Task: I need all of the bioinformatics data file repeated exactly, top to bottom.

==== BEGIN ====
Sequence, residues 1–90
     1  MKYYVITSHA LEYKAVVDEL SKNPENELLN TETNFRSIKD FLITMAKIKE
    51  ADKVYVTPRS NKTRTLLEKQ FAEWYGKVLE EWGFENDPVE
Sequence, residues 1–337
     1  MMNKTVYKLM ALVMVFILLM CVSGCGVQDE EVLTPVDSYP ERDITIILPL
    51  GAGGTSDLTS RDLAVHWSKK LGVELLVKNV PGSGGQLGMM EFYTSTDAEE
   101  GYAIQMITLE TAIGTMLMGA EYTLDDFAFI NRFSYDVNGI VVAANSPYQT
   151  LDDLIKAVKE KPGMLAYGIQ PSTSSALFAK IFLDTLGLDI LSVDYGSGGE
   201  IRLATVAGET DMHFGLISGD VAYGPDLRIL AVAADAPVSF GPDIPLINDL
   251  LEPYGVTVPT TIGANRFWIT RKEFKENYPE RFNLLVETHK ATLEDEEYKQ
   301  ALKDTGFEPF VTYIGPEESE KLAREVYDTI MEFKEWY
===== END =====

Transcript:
Sequence, residues 1–90
     1  MKYYVITSHA LEYKAVVDEL SKNPENELLN TETNFRSIKD FLITMAKIKE
    51  ADKVYVTPRS NKTRTLLEKQ FAEWYGKVLE EWGFENDPVE
Sequence, residues 1–337
     1  MMNKTVYKLM ALVMVFILLM CVSGCGVQDE EVLTPVDSYP ERDITIILPL
    51  GAGGTSDLTS RDLAVHWSKK LGVELLVKNV PGSGGQLGMM EFYTSTDAEE
   101  GYAIQMITLE TAIGTMLMGA EYTLDDFAFI NRFSYDVNGI VVAANSPYQT
   151  LDDLIKAVKE KPGMLAYGIQ PSTSSALFAK IFLDTLGLDI LSVDYGSGGE
   201  IRLATVAGET DMHFGLISGD VAYGPDLRIL AVAADAPVSF GPDIPLINDL
   251  LEPYGVTVPT TIGANRFWIT RKEFKENYPE RFNLLVETHK ATLEDEEYKQ
   301  ALKDTGFEPF VTYIGPEESE KLAREVYDTI MEFKEWY